What about location data confirming he was at a 7-Eleven when he said he was? Jensen said she did not have that. And nothing confirms where he was on 10/10/18, Lowell asked. Correct, Jensen said.

And when he texted telling someone to say meet me at 7-Eleven, is there location data for that? Jensen said she did not have that.

And finally, in the texts with someone identified as Q, there was “not a guy named Bernard, not a guy named Mookie?” asked Lowell. “Correct,” said Jensen.

FBI agent testifies about Hunter Biden texts to Hallie Biden

Hunter Biden trial highlights: Jurors dismissed for the day without a verdict after both sides present closing arguments (47)
Hunter Biden trial highlights: Jurors dismissed for the day without a verdict after both sides present closing arguments (48)

Gary Grumbach

Rebecca Shabadis in Washington, D.C.

Gary Grumbach and Rebecca Shabad

FBI agent Erika Jensen testified about text messages and geolocation data on Hunter Biden’s phone from the time period in question — mid-October 2018.

On Oct. 10, Jensen said, Hunter Biden sent texts to Hallie Biden about meeting someone at a 7-Eleven convenience store. It is apparent from the context surrounding the messages that the person he was going to meet was a drug dealer.

Another day in October, Hunter Biden texted Hallie Biden about being near the Daniel S. Frawley baseball stadium in Wilmington, waiting for a drug dealer named Mookie.

The prosecution showed references within text messages that were not previously presented, discussing being at or near a 7-Eleven on the 10th, and on the 13th — which is on either side of the gun purchase on the 12th.

On Oct. 16 at 4:16 a.m., location data from Hunter Biden’s phone indicated he was near Hallie Biden’s house. An hour later, his location data indicated he was near a 7-Eleven. Soon after that, he texted Hallie Biden, “Are you up?”

Prosecution calls back FBI agent who previously testified

Hunter Biden trial highlights: Jurors dismissed for the day without a verdict after both sides present closing arguments (51)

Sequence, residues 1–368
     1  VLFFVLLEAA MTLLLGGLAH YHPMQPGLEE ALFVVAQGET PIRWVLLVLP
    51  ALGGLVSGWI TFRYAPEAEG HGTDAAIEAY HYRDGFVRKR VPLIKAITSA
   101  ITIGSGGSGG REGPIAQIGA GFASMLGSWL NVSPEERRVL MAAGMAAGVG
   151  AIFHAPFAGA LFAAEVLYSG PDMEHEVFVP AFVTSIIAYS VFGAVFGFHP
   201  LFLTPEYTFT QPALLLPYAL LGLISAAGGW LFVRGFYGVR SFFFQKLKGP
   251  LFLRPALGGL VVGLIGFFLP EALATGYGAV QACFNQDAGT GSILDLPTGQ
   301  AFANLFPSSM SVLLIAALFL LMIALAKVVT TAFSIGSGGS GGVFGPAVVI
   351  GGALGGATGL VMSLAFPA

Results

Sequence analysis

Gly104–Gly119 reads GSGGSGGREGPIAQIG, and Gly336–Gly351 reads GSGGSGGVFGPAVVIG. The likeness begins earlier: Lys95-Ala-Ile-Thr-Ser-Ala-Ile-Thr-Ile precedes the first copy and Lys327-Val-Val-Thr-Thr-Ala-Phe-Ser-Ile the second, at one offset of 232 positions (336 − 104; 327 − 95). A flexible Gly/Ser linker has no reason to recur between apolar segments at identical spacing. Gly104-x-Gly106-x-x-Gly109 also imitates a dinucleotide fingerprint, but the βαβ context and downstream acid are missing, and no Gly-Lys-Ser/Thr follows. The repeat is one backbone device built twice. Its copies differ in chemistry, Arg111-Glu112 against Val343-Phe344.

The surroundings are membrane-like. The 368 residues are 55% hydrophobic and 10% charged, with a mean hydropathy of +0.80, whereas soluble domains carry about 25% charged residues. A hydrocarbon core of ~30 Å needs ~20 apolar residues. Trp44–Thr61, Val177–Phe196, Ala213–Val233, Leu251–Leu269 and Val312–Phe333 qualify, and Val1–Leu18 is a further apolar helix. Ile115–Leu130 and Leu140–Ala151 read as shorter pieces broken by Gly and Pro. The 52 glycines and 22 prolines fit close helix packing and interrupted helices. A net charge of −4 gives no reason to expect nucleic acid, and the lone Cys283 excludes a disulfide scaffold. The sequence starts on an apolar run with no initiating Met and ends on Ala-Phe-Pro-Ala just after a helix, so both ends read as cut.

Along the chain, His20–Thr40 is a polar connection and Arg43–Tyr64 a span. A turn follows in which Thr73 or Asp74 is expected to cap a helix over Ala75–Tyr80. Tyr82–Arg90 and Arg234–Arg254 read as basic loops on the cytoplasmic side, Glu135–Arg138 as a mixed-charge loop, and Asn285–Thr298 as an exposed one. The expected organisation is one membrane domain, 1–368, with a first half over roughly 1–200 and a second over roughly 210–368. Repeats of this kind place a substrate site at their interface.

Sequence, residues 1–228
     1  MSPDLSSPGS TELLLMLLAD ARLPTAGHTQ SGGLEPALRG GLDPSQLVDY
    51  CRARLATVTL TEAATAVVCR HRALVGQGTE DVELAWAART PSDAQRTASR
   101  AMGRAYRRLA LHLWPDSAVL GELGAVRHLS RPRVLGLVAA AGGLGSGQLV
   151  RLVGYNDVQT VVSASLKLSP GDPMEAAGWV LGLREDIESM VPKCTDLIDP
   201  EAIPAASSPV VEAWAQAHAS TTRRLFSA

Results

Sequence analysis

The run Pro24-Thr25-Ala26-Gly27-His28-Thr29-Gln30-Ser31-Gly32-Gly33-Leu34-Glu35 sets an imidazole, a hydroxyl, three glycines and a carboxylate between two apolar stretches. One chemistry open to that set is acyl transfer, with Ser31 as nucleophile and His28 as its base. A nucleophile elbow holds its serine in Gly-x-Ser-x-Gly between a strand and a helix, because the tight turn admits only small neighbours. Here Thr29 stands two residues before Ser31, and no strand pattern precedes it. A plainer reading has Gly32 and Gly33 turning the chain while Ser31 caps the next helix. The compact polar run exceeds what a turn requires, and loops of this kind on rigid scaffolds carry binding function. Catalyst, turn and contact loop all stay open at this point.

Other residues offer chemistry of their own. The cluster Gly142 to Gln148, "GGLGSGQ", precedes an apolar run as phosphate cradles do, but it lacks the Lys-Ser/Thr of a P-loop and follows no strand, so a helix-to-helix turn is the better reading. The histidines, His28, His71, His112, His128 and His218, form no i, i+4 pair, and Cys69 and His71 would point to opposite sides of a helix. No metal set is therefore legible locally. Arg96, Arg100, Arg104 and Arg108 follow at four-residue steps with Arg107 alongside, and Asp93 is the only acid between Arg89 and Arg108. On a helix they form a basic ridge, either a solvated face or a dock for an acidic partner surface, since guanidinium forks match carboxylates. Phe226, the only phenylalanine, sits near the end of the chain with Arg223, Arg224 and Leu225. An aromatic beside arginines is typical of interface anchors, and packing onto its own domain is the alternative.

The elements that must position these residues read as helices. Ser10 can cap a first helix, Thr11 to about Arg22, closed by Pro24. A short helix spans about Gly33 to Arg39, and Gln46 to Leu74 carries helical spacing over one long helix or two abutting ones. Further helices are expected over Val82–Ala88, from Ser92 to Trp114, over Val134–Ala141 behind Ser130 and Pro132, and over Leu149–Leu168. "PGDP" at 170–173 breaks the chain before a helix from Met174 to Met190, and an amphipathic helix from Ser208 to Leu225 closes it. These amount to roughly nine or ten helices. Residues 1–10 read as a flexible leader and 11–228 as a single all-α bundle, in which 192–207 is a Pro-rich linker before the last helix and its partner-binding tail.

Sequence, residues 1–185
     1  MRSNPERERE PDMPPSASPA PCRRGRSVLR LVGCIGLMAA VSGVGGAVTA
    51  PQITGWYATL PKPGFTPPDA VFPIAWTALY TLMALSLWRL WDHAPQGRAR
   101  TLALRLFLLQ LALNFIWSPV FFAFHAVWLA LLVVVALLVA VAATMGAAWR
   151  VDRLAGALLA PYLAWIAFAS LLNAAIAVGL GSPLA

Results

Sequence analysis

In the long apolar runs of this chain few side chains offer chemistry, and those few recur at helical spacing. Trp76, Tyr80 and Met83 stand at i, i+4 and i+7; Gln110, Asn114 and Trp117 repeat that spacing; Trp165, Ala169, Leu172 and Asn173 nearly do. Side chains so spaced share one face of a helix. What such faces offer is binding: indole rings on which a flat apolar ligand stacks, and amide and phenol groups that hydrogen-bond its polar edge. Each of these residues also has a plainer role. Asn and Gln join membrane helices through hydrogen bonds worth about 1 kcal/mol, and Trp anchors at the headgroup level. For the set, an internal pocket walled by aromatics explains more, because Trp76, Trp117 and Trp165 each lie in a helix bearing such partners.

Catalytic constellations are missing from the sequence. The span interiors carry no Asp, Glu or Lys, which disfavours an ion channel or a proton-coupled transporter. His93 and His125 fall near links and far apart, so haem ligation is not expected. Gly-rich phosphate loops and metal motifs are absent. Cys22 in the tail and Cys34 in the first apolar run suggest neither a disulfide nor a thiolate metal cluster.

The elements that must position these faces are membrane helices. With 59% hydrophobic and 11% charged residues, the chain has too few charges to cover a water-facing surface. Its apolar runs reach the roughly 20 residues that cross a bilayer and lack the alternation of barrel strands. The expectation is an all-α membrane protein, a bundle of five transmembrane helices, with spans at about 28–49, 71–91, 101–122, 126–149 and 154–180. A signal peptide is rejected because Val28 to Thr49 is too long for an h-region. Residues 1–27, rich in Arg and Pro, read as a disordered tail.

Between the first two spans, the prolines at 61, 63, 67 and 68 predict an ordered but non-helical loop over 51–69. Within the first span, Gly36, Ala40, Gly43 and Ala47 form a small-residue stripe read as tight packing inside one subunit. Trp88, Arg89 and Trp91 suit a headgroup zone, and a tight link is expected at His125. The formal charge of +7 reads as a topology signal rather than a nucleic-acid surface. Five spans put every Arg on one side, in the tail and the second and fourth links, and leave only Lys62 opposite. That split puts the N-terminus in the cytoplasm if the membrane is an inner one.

Daniel Barnesis reporting from the federal courthouse.

Rebecca Shabadis in Washington, D.C.

Daniel Barnes and Rebecca Shabad

Prosecutors have called back FBI agent Erika Jensen as a witness for a brief rebuttal case.

Defense team rests

Rebecca Shabadis in Washington, D.C.

Hunter Biden's defense team lawyers have rested their case.

Lawyers still deliberating

Daisy Conant

The parties have been conferring in an extended sidebar for more than 20 minutes. As of 9:25 a.m., the jury was still not in the room.

Lawyers finish discussions on jury instructions and verdict form

Daniel Barnesis reporting from the federal courthouse.

The parties appear to have concluded their morning discussions over jury instructions and the verdict form. Judge Noreika ruled that they will use the verdict form proposed by the government.

Biden's lawyer Abbe Lowell urged Judge Noreika to include the word “knowingly” in the verdict form but was overruled. Noreika said she would tell the jury to consider the instructions as to each count, which do tell jurors that Hunter had to have “knowingly” made a false statement, but said she would not include that on the verdict form.

“Knowingly is a very key aspect” of the crime, Lowell said, adding that it was the only element of the crime “in dispute.”

What sentence could Hunter Biden face if convicted?

Megan Lebowitz

If he is found guilty, Hunter Biden could face up to 25 years behind bars.

Two of the counts carry maximum sentences of 10 years, and one count has a maximum sentence of five years. Each of the three counts also has a maximum fine of $250,000.

Would Joe Biden pardon his son?

Megan Lebowitz

President Biden confirmed in an ABC News interview last week that he would not pardon his son if Hunter Biden is convicted.

When asked if he would rule out a pardon for his son, Biden said "Yes."

The White House has previously also said that Biden would not pardon his son.

President Biden to spend part of the day in Wilmington

Megan Lebowitz

President Biden will spend most of the day in Wilmington, Delaware, before departing for the White House at around 5 p.m.

Biden will attend a Juneteenth concert at the White House at 7 p.m., where he will deliver remarks.

The president arrived in Wilmington last night after his trip to France.

Defense attorney indicates Hunter Biden won't testify

Gary Grumbach

Hunter Biden's attorney Abbe Lowell has asked Judge Noreika to leave in “did not testify” in the jury instructions as it relates to the defendant, indicating Hunter will not testify.

Judge Noreika decided she will not allow the defense to include their requested “theory of the defense” instruction in the final jury instructions. She called it an “argument” and she said she didn’t think it was “appropriate” for her to say.

She ruled on several minor language additions or subtractions, siding with the prosecution in most of her decisions.